The Pelvic Sonogram: On August 25th, I had a pelvic sonogram. My decision was based on the ct/pet scan from September of 2007. The ct/pet scan last September was to see if I had any cancer anywhere else in the body besides the right breast. As it turned out, the only other activity was in the left ovary. At that time, my doctor didn’t think this was any big deal because I was pre-menopausal. He figured it was just the follicles at work. But, the doctor didn’t tell me the radiologist recommended a pelvic sonogram and I didn’t get a copy of the report until May of 2008 and didn’t read it until July. So, as this year comes to a close I am trying to dot my “i’s” and cross my “t’s”.
Nothing here in New York is ever easy, though. I think I can just make an appointment and have the sonogram done; but, no. Even though I have a PPO and this report from last year I still need a prescription from my primary care physician. Who knew? This wouldn’t be such a big deal, but I had a ton of water sitting in my bladder when they told me I had to come back another day.
When I came back the following week we only did the trans-abdominal test because neither the technician nor I could get the wand in for the trans-vaginal test. It was frustrating and embarrassing to say the least. But, I now have the name of an internist who I am going to try and make my doctor.
For a really great explanation of the pelvic sonogram process, go to Radiology Info .
The Gynecologist: On September 16, I saw Dr. Shefer (formerly Dr. Shapiro) of the New York Methodist Hospital system. There was nothing out of the ordinary. Yes, sure there were lots of us lined up outside before they opened the door and yeah, the alarm system was being worked on and oh by the way, the computers were down so we all had to wait until they could get the computers up before we could see the doctor because they don’t know the schedule without the computer and for some reason when the computer came up it wouldn’t take the secondary insurance because the codes had changed or something. But, otherwise, it was business as usual, for me-the annual pap exam.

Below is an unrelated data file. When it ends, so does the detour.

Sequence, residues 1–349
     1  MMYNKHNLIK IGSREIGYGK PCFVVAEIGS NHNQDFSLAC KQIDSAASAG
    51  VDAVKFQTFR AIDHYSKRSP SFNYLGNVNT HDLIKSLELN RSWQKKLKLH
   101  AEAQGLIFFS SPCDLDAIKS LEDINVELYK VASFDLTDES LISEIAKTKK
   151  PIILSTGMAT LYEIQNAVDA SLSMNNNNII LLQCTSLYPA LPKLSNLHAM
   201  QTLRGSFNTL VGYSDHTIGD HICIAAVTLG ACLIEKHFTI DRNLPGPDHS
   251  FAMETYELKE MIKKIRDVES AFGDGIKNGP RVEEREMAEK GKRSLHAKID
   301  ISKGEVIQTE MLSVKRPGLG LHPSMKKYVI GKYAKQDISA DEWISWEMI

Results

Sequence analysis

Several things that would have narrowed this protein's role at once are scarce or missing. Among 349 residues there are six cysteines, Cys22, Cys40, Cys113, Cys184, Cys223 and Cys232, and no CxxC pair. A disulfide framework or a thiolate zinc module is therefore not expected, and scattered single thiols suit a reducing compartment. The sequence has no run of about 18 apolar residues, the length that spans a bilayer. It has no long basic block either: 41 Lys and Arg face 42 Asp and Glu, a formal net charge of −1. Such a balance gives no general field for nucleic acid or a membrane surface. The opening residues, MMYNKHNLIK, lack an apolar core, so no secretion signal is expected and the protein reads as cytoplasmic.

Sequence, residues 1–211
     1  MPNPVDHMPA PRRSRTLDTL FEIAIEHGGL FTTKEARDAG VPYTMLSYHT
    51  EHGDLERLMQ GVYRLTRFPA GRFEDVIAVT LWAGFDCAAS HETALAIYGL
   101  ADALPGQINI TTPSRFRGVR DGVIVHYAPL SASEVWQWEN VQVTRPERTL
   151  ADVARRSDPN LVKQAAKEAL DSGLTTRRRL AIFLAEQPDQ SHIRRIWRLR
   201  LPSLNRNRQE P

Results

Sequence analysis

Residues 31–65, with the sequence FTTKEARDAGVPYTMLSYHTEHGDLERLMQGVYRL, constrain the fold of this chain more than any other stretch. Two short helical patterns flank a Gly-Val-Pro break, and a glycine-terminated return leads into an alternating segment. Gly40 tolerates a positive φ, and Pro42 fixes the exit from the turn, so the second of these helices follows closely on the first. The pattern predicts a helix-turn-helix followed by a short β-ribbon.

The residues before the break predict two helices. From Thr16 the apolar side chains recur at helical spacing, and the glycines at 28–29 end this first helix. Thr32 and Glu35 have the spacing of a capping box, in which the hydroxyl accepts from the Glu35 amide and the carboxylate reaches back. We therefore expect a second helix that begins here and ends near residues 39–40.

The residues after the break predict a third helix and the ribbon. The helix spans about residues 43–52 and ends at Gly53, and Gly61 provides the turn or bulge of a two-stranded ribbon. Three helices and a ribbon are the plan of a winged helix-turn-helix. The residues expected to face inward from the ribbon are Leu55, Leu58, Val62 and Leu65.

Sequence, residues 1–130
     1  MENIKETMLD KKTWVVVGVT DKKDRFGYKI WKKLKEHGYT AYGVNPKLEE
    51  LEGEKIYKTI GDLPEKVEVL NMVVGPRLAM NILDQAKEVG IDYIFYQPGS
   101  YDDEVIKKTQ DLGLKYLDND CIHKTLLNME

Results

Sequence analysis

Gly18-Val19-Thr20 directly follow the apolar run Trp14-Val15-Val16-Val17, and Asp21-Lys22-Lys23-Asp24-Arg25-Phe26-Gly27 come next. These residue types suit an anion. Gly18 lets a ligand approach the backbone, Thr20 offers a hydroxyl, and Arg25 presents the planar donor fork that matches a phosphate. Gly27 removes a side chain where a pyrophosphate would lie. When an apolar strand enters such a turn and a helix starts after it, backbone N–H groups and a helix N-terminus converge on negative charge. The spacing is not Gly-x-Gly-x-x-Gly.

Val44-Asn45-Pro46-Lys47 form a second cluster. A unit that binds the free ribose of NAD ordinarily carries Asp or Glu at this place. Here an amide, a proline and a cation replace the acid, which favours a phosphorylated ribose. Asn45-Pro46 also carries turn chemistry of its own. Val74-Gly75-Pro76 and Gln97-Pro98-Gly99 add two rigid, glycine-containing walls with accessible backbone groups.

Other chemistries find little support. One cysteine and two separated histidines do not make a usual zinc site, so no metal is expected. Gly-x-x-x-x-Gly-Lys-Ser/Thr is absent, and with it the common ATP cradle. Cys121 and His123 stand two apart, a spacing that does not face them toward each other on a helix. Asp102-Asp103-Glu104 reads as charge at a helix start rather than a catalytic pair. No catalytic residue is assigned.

Dr. Shefer, another very good doctor, was able to get the results of the pelvic sonogram and the report came back positive for the most part; there is some thickening in the uterus which is normal for women on tamoxifen. However, I still have not been able to get a report from the gynecologist on how the Pap smear went. The first time I called, the nurse assured me that if there was a problem, the doctor would call. The second time I called they told me they didn’t know how to pull up the report from the computer and I would have to wait for the doctor who is only there Tuesday mornings until noon and won’t be returning until November!
The Plastic Surgeon: I saw Dr. Scheinman for the last time on September 26. We spent about five minutes together, so all goes well in that area. I’ll miss him; he’s a nice guy and I would definitely recommend him. But I am also glad to have one less doctor to see on a regular basis.
The Oncologist: None of the complaints I have regarding the tamoxifen are unusual or worth talking about, I guess. At least that seems to be the conclusion from my conversation with Dr. Reitshel on October 1st. But, I can take a multi-vitamin, drink green tea and take a magnesium pill for my muscle cramps if I want, which is quite a big step for the doctor. She also tells me I should have the internal pelvic sonogram and recommends a doctor. I seem to be one of those patients who is doing quite well. It is going so well, in fact, that my appointment with her was cancelled twice prior to this one. Both Natasha (my very good friend and super health care advocate) and I like Dr. Reitschel allot. So, I try to make the appointments towards the end of the day and then after waiting thirty minutes past the appointed time (which is good for Maimonides) we finally see her. And we laugh and laugh. She’s a very to the point kinda gal—which can be off putting if you don’t have a sense of humor. And, because we are there at the end of the day we can spend lots of time with her. Besides being around the same age and having gone to the same type of Ivy League schools and both from Germanic tribes, she and Natasha seem to have a karmic connection of some type. At one point I feel a little ignored, but I decide to let this go because I am so grateful for both of them in my life.
The Mammogram Follow-up: About two weeks after my mammogram I got one of those scary follow-up notes. This one said I should call my doctor right away to schedule an additional test. Apparently there are new tests. I finally reached Dr. Borgen and he said that two tests were plenty and that I am fine. In the meantime, the radiology department lost all of my films from the 90’s.
The Dentist: Dr. Sarji always sees me when he says he will, never cancels an appointment, doesn’t over charge me and always does a good job. He is in the process of putting in a cap for me.
The Energy Healer: So often people do not hear me when I say things like I feel pain, so I am seeing an energy healer, Philip Marden, just to make sure the cancer is out of my body. Why not.